• Wrigley Rooftop Directory
Goat Riders of the Apocalypse
A Hundred Next Years
Just Read 'em!
Hot diggity! Did I blaspheme?
First, I went back and carefully reread what I wrote about Dubois because the comments in part seemed to disagree with me, while agreeing with the point I wanted to make. I REALLY REALLY REALLY like the rumored Huff trade. I want the Huff trade.
Secondly, of course I want to win this year. The reason I want to keep Dubois is I think he can help us win this year... and the next five. I am high on Dubois because I believe (blindly or stupidly maybe) that Dubois can translate his impressive minor league performances into a solid Major League outfielder. The real theme of my last post should have been: I would rather have Huff starting over Dubois, I would rather have Dubois starting over Hairston, and I think an outfield with only Hairston, Hollandsworth, Patterson, and Dubois will not be enough to win this year.
If I were 'Dusty Hendry', I would try to have my opening day outfield include Dubois, Patterson, and Huff. Give me this outfield, and I'll show you a Central Division Championship Banner.
OK, time for some rebuttal: The knock against Dusty Baker is that he is too loyal to his precious veterans... yet I suggest we try to give a starting spot to a deserving rookie and I get lombasted in the comments and on other folk's blogs.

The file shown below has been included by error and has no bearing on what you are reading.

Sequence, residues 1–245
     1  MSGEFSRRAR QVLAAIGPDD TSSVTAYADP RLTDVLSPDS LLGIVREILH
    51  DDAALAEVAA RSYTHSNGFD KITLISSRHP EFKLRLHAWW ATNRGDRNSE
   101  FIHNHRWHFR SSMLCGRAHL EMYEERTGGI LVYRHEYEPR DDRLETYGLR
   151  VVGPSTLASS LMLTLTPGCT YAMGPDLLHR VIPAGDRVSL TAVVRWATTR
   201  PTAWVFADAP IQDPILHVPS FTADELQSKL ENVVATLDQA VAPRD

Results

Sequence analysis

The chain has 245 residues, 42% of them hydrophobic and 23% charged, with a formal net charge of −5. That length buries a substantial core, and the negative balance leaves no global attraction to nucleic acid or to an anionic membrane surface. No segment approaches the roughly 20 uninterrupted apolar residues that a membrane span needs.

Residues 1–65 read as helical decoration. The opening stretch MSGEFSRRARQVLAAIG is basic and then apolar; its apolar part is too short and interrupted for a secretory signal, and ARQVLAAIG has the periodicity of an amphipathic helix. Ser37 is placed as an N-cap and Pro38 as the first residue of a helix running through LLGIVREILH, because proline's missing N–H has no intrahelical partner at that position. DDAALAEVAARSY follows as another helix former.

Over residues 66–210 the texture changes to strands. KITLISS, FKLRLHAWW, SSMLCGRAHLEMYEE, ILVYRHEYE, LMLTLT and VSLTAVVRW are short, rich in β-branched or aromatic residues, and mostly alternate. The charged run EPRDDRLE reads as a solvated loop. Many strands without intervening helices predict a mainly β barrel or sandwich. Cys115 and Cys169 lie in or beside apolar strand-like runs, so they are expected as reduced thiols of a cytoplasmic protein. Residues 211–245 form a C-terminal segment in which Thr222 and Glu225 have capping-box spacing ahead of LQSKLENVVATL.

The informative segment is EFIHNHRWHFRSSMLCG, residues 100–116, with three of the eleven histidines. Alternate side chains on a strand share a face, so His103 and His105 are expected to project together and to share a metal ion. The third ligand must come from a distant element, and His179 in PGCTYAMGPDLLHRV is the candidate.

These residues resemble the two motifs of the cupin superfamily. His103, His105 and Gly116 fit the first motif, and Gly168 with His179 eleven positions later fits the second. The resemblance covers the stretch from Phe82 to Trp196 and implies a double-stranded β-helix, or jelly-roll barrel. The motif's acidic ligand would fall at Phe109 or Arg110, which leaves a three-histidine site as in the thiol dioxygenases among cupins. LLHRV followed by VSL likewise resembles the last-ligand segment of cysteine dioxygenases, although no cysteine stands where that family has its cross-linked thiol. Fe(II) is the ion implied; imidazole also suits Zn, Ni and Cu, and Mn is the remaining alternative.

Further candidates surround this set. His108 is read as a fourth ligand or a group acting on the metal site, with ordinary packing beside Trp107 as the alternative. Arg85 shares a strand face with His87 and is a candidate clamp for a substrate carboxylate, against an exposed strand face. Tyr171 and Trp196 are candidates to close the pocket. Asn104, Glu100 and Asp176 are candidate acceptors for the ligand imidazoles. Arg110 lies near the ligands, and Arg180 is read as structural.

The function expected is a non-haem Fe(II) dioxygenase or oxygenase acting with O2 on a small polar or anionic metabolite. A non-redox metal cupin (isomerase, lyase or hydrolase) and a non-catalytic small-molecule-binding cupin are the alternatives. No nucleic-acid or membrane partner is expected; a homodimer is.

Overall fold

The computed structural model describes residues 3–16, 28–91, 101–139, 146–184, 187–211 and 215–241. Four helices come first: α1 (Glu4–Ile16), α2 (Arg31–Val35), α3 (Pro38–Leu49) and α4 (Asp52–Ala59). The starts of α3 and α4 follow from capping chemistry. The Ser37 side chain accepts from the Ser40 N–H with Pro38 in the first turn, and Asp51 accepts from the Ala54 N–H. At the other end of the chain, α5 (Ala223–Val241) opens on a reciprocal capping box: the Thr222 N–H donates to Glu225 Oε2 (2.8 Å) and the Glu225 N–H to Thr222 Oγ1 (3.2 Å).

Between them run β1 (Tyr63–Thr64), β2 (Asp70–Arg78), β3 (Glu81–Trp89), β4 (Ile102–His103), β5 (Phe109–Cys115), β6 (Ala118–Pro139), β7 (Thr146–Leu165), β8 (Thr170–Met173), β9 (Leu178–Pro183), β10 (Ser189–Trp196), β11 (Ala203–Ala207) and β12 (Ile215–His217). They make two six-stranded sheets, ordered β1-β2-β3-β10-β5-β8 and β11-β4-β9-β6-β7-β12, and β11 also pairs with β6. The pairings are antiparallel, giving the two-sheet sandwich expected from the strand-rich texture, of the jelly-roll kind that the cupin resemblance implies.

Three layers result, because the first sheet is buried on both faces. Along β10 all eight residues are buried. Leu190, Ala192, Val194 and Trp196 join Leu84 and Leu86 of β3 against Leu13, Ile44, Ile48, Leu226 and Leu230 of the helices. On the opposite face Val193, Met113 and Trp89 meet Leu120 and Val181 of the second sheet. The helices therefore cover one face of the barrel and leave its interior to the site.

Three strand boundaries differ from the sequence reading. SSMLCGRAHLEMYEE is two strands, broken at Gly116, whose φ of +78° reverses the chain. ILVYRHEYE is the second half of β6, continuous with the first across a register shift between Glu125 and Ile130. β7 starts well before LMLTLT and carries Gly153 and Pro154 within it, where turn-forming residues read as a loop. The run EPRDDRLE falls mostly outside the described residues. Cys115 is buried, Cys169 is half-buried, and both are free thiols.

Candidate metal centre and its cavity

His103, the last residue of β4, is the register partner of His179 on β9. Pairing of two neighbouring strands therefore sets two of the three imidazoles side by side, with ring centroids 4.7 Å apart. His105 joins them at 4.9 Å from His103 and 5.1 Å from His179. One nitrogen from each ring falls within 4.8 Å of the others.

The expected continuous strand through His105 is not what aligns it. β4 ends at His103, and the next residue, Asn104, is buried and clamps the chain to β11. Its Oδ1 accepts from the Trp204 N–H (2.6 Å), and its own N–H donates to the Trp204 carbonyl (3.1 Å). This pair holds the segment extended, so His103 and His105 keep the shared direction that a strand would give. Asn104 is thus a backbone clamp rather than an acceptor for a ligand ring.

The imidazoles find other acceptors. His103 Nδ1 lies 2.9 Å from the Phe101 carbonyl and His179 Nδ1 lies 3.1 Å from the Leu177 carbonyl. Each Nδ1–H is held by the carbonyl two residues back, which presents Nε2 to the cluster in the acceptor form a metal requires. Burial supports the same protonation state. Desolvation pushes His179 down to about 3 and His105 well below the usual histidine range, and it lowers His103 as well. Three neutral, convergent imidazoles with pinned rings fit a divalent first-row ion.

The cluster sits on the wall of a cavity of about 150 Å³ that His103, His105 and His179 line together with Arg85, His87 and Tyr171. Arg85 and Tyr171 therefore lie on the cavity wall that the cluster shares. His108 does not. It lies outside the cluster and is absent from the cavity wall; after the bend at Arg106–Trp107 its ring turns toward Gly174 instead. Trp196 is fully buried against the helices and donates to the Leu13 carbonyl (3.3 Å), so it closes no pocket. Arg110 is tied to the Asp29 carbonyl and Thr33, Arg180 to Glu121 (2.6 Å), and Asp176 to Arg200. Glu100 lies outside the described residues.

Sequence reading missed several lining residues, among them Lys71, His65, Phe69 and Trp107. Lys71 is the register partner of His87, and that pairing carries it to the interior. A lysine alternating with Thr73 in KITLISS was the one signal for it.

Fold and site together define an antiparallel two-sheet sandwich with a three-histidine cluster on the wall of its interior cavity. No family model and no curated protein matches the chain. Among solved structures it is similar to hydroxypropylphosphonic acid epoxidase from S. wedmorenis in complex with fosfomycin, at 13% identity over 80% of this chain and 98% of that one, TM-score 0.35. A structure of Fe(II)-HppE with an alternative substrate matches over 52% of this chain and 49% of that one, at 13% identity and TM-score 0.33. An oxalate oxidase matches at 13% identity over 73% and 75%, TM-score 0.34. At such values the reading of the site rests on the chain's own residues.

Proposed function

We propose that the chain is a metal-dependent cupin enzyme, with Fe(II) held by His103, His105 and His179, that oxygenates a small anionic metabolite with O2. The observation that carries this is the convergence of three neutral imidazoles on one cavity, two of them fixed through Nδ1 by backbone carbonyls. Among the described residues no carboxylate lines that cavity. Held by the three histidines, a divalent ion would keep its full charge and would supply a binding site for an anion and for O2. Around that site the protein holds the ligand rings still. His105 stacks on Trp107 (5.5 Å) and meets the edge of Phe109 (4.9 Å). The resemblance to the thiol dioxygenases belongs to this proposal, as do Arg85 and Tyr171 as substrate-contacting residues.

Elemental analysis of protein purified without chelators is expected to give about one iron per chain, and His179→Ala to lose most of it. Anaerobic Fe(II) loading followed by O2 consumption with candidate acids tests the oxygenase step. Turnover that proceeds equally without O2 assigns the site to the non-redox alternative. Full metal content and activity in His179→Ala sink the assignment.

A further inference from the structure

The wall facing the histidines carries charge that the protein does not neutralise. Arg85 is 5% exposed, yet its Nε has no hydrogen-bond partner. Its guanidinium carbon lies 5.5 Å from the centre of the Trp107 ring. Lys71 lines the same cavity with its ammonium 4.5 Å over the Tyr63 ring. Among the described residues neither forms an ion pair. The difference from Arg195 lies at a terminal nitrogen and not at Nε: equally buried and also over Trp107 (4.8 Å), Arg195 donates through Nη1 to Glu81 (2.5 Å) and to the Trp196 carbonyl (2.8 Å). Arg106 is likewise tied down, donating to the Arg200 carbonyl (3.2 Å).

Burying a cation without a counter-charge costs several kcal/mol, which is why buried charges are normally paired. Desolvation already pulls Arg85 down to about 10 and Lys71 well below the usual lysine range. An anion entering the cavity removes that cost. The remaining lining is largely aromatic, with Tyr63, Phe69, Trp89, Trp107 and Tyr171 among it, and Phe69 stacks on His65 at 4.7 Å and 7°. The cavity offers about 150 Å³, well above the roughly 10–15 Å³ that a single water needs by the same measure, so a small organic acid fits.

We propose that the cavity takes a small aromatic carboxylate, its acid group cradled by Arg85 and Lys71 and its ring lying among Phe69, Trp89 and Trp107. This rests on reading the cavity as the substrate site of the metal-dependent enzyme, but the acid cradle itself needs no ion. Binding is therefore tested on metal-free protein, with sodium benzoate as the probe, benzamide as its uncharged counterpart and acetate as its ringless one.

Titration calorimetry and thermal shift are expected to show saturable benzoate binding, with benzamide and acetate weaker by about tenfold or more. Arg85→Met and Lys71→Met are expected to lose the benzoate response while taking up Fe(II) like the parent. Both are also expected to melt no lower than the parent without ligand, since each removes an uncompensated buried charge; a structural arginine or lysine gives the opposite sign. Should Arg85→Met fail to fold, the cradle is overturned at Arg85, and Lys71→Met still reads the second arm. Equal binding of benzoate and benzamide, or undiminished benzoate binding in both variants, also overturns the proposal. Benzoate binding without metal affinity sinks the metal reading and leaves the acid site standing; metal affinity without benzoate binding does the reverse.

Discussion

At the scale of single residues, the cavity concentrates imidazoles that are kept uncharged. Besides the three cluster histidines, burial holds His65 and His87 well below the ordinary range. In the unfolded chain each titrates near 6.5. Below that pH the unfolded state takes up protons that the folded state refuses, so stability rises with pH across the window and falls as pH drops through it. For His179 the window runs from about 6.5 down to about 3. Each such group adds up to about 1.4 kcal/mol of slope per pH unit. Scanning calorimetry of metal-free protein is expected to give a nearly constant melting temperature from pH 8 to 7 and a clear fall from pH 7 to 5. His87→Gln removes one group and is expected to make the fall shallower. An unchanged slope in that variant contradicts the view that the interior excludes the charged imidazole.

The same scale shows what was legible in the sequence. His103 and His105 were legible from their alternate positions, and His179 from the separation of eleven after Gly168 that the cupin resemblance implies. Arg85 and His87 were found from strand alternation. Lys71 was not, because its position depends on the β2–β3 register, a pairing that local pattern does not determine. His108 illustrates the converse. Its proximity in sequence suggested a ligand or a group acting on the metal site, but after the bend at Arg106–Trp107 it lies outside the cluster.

People complain that the Cubs organization doesn't pay enough attention to OBP. I mention that a guy could easily put up a higher OBP than two other guys and I get run through by a long shiny spike.
We quibble about a million too much for Corey Patterson, overpaying Blanco, Perez, half the bullpen, etc... and yet I point out a three to four year cost advantage of using a young prospect and I get accused of being cheap.
Finally, there is the issue of patience and our 'window of good pitching.' I'll start my mentioning that I have been a die-hard Cubs fan since I moved to the Chicagoland area in 1989. I have 15 years invested in this team and I have seen the whole range of finishes. Two division championships, a wild-card bid, a few late season pushes that fell short, a few late season collapses, several midseason collapses, and some truly horrible teams. I also know that impatience gets your team a Matt Karchner, not a championship.
As for the pitching window, it is at least two years wide at this point. With the depth of pitching in our minor league system, I don't worry about the mound as much of the rest of the field. Furthermore, except in the context of defense, the success of the pitching staff is largely independent of the outfield situation.
My choice of the Marlins as a team I didn't want to resemble was a poor choice. Yes, they have won two championships and thats great for them. But, What I want is a run like the Braves, the Yankees, or even the late '90s Indians. The Cubs are developing a core of young talent to enable this. However, if we are too afraid to use our homegrown talent, we won't be able to afford the big free-agent when we need one.
The 1990's Yankees are an excellent example of a team which was able to field a team with a good mix of free agents and youth. The 2005 Yankees are an excellent example of a team with no youth. The $200 million price tag is probably just a bit out of the realistic range for the Cubs.
Building from within is the only way we will be able to afford Prior, Zambrano, Wood, Ramirez, Garciaparra, and Patterson when they come back up for contract renewals.
|Subscribe to The Cubdom - get emails with the latest Cubs info and pictures|
This post has been tagged:
Movable Type 4.23-en